The idea of using drive-by-wire technology in cars is not new, but it has never fully taken root in the automotive world. This technology comes to us from the aviation industry, so it is no wonder that the company Saab, which also produces airplanes, has in several cases tried to implement drive-by-wire technology in their prototype car.
Drive-by-wire technology in Saab 9000
Let’s try to remember the implementation of drive-by-wire technology in the experimental Saab 9000, and that project dates back to 1992. Really impressive. But that’s not all. Saab, in cooperation with subcontractors, had another interesting prototype with integrated drive-by-wire technology. It was in the Bertone Novanta prototype model – Saab 9-5 Concept by Bertone and SKF.
Bertone Novanta – Saab 9-5 Concept by Bertone and SKF
This is a story on the development of drive-by-wire technology, featuring a Saab-based vehicle named as a ‘Novanta’. Drive-by-wire is the emerging technology whereby a lot of your traditional mechanical devices are replaced by electronic switches and sensors.
Drive-by-wire, already used widely in planes, where it is known as fly-by-wire, means employing electronics, rather than mechanical and hydraulic systems, to operate a vehicle: Steering columns and brake lines give way to sensors and actuators. Steering wheels can be replaced with joysticks or driver control units and human-machine interfaces.
SKF, a Swedish auto supplier known best for making bearings and seals, was one of the companies trying for a piece of the market. Among the others are Delphi Corp., Siemens VDO Automotive, Robert Bosch GmbH, and currently many, many others.
At one time, SKF has placed drive-by-wire technology in several prototype vehicles, including General Motors Corp.’s fuel-cell-powered Hy-Wire, and the Novanta, a Saab-based concept developed with Italian design house, Bertone. SKF also developed fly-by-wire technology used in several Airbus models.
SKF demonstrated Novanta in October 2005 at the Compuware Arena, down the street from SKF’s North American technical center in Plymouth.
The sporty Novanta body is based on the three-liter chassis of the SAAB 9-5 V6. The interior has been designed in a classic high quality to show the public that drive-by-wire technology is not a short-term trend, but a technology that SKF and Bertone are convinced of.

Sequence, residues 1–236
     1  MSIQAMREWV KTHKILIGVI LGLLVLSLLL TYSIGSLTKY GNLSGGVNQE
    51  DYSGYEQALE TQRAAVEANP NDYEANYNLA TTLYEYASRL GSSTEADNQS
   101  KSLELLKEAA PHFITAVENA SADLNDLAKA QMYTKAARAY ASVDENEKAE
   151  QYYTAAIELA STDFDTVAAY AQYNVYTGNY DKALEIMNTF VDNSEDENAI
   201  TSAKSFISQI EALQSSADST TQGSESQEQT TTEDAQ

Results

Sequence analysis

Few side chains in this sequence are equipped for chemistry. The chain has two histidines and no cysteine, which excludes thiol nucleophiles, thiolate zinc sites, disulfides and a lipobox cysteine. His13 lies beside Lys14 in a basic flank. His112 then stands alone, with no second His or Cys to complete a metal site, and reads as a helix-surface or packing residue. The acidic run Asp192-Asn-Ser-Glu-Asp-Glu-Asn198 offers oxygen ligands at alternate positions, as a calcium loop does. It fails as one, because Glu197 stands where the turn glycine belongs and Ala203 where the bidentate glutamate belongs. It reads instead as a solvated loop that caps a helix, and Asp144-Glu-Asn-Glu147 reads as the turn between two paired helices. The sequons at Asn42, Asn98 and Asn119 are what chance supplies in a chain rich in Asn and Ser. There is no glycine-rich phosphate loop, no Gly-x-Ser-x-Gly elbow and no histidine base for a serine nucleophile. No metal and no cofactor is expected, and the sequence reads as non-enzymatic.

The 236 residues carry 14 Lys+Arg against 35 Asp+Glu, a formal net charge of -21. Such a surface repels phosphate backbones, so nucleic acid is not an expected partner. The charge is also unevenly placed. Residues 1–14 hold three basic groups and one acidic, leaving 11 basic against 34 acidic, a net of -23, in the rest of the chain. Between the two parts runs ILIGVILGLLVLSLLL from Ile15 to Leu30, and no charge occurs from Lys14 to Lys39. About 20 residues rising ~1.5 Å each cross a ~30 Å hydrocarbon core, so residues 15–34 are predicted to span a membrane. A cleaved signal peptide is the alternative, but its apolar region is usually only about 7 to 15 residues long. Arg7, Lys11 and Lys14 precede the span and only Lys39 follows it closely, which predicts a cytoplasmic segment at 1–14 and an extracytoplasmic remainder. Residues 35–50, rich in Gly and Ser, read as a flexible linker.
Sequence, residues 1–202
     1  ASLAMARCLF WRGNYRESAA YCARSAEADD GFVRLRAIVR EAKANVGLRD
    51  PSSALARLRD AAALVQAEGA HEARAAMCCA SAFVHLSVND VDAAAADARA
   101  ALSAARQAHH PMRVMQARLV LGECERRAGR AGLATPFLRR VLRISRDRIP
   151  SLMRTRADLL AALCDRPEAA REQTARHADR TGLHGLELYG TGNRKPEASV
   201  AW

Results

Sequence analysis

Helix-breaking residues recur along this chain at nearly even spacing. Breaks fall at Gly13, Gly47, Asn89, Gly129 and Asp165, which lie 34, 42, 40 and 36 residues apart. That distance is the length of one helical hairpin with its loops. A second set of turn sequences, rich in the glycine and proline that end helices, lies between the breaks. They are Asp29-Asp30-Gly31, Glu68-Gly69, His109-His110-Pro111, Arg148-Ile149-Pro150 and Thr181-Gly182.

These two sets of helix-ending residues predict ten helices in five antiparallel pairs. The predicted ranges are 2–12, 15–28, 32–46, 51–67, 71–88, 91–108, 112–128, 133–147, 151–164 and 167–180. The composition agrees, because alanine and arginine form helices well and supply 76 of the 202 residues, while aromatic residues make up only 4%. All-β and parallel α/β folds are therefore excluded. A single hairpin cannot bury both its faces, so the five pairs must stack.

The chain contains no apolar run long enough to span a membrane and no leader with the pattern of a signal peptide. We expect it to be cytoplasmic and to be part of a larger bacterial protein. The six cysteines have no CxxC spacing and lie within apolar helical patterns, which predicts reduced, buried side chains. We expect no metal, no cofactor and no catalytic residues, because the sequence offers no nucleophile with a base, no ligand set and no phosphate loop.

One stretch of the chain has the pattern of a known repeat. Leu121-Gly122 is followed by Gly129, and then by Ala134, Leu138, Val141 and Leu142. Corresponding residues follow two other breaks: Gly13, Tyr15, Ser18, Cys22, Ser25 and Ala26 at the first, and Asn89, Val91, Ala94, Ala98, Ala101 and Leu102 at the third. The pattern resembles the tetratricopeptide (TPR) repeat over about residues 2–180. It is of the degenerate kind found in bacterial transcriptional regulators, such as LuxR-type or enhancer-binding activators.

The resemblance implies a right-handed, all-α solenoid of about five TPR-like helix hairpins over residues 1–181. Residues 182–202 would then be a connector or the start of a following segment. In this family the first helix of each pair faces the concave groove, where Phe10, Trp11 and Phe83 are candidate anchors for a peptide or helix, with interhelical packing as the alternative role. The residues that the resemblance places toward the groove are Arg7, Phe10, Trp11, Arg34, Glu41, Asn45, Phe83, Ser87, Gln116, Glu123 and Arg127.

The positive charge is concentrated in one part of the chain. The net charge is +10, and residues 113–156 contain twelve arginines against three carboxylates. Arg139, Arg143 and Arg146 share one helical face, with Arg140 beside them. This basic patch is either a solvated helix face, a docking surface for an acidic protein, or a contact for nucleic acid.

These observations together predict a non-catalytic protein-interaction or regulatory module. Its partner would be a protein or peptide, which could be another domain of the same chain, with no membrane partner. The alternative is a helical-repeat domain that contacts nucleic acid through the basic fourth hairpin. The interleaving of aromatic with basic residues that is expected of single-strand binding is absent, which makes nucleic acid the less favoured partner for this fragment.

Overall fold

At SKF, 12 employees from the relevant departments of the whole group had been brought together to form a team for this project: from the Automotive Division, Drive-by-Wire, the Industrial Division, Transrol, the Electrical Division and the Sensorized Bearings Division. The work was coordinated in the manufacturing plant.
The car without an accelerator or brake pedals
Novanta has no accelerator or brake pedals – only a mechanism called a human-machine interface that looks like a cross between an airplane steering wheel and the handlebars of a motorcycle. Rotate the handles back and forth to throttle the car up or down; squeeze them to brake, turn them side-to-side to steer.
The SKF system uses sensors to read the driver’s actions and transfer the information to controllers called smart electromechanical actuators. The actuators convert electrical energy into force to perform vehicle functions.
When the driver attempts to turn the car, for example, sensors, rather than a steering column, send that information to the steering rack to turn the wheels.
In addition to the technologies found in Novanta, SKF was working on by-wire systems to handle emergency brakes and clutches. Also, at that time, the company SKF was working on the development of suspension-by-wire to improve vehicle ride and handling.